At 4:00 a.m., I knelt in our hotel and poured out my heart to God on behalf of our precious daughter, who was full of faith and living a life centered on Jesus Christ. After that long and sleepless wrestle, I felt an answer that, no matter the outcome, I must go forward with faith and trust in Jesus Christ. All I could do was surrender my will to His. Eventually a sense of peace came, and my pleading prayer changed to a prayer of thanks. I thanked God for His love and for the blessings of the gospel in our lives. As I left my knees, I knew that we would be able to face whatever lay ahead, whether she was healed—or not.
Everyone’s story will be different. In our daughter Jasmine’s case, what lay ahead were years of continued uncertainty that included radiation and chemotherapy but also beautiful miracles of marriage and children. Through it all, she has continued to center her life on Jesus Christ, and she inspires all with her boundless optimism and with her faith. For she too shares in the assurance that no matter what happens in the future, nothing will ever go permanently wrong, thanks to eternal covenants made with a loving God.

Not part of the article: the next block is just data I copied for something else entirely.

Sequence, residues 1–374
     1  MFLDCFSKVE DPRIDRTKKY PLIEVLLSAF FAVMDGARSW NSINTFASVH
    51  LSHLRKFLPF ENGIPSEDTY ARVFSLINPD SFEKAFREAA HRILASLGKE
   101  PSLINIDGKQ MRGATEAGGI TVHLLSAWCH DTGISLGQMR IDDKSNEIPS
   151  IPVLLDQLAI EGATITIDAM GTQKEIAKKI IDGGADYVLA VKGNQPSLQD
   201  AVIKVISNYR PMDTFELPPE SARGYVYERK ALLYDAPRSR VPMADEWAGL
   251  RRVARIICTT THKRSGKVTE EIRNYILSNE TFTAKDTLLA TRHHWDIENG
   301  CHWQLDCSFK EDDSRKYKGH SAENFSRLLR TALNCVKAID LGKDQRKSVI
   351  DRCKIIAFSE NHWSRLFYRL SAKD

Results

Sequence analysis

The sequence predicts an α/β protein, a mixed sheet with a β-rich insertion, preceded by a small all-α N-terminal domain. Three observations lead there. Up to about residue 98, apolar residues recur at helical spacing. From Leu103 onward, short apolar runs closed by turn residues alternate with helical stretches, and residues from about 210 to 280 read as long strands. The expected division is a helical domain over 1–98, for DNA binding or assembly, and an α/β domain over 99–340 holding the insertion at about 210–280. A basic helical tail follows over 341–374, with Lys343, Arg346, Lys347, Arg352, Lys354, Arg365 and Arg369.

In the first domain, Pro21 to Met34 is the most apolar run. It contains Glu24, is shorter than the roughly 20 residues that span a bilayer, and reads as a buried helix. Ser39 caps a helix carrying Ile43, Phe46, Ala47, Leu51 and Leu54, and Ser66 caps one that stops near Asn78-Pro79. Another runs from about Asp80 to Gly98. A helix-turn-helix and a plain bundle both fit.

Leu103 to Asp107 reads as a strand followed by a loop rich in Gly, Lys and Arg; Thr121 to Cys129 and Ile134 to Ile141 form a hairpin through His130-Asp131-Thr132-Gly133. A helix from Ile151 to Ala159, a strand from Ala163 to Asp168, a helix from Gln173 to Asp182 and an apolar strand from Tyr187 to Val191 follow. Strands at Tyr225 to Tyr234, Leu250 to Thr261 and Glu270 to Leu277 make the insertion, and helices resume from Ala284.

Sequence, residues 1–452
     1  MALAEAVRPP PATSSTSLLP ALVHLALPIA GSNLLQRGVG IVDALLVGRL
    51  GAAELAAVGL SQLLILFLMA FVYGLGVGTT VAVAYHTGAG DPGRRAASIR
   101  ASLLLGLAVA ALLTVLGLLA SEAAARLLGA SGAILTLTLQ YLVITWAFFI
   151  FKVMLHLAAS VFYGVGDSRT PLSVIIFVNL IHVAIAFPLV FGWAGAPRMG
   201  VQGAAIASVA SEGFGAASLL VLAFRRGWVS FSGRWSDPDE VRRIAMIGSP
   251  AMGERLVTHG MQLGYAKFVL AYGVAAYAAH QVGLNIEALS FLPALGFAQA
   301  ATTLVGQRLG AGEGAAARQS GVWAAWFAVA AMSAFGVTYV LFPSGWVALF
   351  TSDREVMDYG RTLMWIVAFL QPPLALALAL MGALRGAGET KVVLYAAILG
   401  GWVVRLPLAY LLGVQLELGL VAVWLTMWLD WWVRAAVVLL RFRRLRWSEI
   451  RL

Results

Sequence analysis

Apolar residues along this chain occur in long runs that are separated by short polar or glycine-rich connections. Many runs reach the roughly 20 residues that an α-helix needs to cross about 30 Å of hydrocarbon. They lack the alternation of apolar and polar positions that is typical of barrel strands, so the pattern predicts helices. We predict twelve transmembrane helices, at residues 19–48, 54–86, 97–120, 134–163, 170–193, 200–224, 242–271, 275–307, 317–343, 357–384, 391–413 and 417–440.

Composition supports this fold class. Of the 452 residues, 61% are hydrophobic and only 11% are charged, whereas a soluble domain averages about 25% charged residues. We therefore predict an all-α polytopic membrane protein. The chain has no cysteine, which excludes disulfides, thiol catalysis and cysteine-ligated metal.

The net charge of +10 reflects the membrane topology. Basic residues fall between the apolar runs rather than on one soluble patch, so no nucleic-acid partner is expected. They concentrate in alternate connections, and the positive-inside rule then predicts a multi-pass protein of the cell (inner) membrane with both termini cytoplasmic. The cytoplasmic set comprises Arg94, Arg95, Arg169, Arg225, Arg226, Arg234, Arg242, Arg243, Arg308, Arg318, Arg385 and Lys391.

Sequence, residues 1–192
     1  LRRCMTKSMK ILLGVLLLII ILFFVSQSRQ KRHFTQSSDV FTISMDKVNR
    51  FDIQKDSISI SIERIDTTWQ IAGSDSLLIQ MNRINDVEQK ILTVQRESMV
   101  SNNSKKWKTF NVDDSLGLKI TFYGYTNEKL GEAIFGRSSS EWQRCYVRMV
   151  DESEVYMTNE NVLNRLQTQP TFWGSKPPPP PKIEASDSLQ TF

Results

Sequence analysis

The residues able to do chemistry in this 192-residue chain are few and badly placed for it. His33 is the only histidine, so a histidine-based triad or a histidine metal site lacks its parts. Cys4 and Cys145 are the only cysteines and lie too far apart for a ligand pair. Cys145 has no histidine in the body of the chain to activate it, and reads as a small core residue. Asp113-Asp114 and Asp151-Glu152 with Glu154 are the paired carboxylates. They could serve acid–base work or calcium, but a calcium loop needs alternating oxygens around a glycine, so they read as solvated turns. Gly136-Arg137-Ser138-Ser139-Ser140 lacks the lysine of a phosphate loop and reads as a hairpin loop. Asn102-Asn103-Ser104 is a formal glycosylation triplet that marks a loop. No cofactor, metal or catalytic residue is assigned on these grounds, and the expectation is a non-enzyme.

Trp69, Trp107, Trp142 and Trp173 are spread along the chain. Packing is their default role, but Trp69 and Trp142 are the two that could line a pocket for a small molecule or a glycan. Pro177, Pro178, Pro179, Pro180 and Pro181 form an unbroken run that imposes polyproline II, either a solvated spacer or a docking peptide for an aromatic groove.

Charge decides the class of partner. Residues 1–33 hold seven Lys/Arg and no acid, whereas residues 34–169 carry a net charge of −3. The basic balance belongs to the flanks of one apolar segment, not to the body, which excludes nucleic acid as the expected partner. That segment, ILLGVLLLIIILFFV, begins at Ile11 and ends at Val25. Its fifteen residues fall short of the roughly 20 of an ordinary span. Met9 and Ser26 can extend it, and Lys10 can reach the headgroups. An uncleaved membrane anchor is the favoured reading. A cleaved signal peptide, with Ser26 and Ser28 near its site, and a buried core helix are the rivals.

Recenter Your Life Often
My third piece of advice is to recenter often. Think about a GPS or a mapping app. When we have trouble seeing ourselves in relation to our destination, a message pops up saying, “Recenter.” If we ignore the message, we quickly lose track of our relationship to our destination. But as we recenter ourselves within the chosen route, once again we can focus on reaching our destination. On our journey to eternal life, there will be times when we need to recenter our lives on Jesus Christ and His restored gospel. Recentering is a lifelong process.
Is it any wonder that President Nelson has taught us over and over again the importance of keeping our covenants, repenting daily, partaking of the sacrament, attending the temple as often as possible, and learning to hear Him? These are the very ways that we can recenter our lives and stay focused on the covenant path leading to eternal life.